Children and Families

Paid Family Leave and Breastfeeding: Evidence from California

California was the first state to enact a paid family leave entitlement in 2002, providing eligible workers up to six weeks of paid leave. Jessica E. Pac, Ann P. Bartel, and Jane Waldfogel of Columbia University, and Christopher J. Ruhm of the University of Virginia evaluated the effect of the policy on breastfeeding in this National Bureau of Economic Research Working Paper.

Sugary Cereals at Early Childhood Education Centers

Rebecca M. Schermbeck, Julien Leider, and Jamie F. Chriqui release the first-ever report on whether CACFP-participating early childhood centers are limiting sugary cereals for children aged 2-5 years. Nearly one-third of these centers failed to meet the sugar-in-cereal requirement.

Effects of the Minimum Wage on Long-Term Child Health and Development

Despite efforts to rigorously analyze various effects of changes to minimum wages, the research community has largely neglected the link to child development. Changes in the minimum wage may have consequences that go far beyond employment and earnings, but there is almost nothing known about these potential effects.

Using data from National Longitudinal Survey of Youth and other publicly available datasets, the research team will investigate:

Does Medicaid Expansion Improve Maternal and Infant Health?

Recent media reports have highlighted startling trends in U.S. maternal health with stark differences across racial and ethnic groups. Maternal deaths associated with pregnancy and childbirth are high when compared to other developed countries and have increased substantially over the last two decades.

Building Upstream Interventions to Keep Families Together in Hennepin County, MN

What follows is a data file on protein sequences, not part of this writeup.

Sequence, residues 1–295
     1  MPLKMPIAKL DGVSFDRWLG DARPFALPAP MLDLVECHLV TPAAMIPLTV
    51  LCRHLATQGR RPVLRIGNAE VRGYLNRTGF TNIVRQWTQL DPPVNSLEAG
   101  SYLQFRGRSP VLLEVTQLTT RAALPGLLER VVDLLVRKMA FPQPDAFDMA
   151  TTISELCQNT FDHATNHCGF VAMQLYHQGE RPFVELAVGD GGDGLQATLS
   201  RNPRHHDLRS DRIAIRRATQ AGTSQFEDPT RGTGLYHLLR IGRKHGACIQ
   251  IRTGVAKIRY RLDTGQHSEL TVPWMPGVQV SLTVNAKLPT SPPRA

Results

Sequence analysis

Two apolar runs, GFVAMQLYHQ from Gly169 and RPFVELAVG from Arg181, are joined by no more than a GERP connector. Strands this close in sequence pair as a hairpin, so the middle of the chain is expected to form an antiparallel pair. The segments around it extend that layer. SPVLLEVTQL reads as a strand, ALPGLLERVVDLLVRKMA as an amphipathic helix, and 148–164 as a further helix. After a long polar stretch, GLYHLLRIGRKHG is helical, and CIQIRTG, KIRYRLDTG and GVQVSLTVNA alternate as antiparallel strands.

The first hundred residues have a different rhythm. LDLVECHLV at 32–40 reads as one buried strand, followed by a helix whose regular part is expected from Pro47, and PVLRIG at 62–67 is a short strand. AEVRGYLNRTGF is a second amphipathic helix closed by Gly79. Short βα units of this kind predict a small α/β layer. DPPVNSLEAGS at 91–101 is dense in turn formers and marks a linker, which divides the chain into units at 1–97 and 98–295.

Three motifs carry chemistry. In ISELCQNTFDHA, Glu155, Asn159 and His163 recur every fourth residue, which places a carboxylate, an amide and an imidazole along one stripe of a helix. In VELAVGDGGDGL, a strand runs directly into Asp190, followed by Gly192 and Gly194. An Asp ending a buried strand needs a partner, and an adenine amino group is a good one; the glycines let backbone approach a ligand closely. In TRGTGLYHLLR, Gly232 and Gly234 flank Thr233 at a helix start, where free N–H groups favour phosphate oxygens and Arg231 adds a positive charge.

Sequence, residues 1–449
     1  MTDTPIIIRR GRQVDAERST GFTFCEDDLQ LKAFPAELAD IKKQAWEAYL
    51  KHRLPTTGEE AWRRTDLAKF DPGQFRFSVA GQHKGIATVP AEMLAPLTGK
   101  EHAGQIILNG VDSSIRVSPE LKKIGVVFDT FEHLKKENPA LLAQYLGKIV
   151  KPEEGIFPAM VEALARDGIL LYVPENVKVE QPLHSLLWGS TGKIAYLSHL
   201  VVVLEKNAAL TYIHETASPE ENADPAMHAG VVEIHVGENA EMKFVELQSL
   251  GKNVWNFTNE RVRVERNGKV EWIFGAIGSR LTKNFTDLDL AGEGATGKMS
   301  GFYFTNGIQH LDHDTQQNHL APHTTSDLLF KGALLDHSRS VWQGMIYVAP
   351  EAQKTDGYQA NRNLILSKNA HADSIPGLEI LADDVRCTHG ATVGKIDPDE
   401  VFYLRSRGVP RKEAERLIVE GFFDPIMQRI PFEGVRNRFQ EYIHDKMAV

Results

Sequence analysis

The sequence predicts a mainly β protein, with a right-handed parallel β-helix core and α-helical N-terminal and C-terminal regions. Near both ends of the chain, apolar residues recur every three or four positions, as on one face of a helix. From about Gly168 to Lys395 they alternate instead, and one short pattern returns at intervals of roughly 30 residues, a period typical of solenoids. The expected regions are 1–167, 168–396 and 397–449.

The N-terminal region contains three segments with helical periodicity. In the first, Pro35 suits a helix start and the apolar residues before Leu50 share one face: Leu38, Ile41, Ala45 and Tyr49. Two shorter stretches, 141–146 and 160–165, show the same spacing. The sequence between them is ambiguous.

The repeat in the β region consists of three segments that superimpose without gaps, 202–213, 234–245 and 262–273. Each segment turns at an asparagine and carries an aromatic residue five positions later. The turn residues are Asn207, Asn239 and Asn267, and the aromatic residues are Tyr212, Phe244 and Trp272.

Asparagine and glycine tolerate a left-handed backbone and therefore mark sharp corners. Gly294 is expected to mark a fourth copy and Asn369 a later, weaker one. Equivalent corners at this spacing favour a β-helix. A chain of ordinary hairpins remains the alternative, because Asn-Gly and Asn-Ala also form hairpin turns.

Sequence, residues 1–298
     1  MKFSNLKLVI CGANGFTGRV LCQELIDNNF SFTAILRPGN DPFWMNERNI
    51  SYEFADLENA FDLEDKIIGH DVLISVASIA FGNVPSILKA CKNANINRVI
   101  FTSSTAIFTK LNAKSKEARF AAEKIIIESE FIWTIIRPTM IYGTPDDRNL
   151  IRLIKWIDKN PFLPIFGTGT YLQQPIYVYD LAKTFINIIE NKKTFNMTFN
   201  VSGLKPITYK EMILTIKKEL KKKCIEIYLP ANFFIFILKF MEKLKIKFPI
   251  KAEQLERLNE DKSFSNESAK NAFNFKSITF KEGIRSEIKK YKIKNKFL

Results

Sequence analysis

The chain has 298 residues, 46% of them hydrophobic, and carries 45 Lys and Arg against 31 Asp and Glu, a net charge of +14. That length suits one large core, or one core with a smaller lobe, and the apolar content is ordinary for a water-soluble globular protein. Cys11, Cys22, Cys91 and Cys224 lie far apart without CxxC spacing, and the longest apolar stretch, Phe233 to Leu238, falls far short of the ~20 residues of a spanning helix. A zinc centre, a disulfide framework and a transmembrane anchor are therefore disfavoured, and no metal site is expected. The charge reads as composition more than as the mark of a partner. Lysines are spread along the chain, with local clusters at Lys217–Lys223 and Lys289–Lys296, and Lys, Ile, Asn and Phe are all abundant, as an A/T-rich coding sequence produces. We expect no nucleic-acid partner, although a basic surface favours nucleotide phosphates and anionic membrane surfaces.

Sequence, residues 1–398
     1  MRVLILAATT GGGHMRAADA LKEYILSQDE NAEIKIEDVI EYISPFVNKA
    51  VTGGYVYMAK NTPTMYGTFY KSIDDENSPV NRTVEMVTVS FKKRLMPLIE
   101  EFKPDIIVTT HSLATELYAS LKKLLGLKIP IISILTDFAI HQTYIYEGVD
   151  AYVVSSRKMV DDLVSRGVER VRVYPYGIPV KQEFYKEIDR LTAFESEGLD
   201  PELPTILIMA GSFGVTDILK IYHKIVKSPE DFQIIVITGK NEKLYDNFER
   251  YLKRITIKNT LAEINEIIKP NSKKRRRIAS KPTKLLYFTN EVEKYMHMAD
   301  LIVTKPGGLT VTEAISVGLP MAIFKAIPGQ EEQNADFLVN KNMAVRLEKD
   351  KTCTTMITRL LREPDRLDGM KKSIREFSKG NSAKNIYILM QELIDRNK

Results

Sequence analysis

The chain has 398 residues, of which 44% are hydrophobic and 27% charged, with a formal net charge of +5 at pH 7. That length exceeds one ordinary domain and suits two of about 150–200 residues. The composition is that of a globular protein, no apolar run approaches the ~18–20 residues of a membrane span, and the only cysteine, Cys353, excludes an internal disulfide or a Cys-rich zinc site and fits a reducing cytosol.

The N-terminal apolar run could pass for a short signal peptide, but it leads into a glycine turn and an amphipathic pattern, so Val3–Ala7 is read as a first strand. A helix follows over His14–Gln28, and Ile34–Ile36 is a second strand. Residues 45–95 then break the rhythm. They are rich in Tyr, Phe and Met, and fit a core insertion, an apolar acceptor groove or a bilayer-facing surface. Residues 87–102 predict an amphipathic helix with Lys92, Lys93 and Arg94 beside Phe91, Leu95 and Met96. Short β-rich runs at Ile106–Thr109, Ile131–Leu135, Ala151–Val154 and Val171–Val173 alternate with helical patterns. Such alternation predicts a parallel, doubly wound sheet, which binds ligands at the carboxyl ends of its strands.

Like many communities in the U.S., the Twin Cities metropolitan area has become increasingly vocal around social justice—exposing and documenting local poverty, inequity, and discrimination. Amid this wave, Hennepin County is actively seeking out population health policy opportunities to engage high-risk families and children, with the goal of developing and implementing upstream, cross-sector interventions to preserve unified, healthy families and avoid out of home placements (i.e., foster care).

Commentary

In the 2018 midterm elections, candidates across the political spectrum ran on platforms that included expansion and support of early education and childcare assistance programs.

How the Opioid Epidemic Impacts Children

The impact of the opioid epidemic on children, their families, and on child-serving systems (early childhood education, schools, child welfare, etc.) is not well understood. This exploratory project will examine some of the most critical dimensions, urgent challenges, and important nuances for policymakers and others, drawing on a review of the existing literature and a deeper dive into two states at the forefront of the opioid epidemic.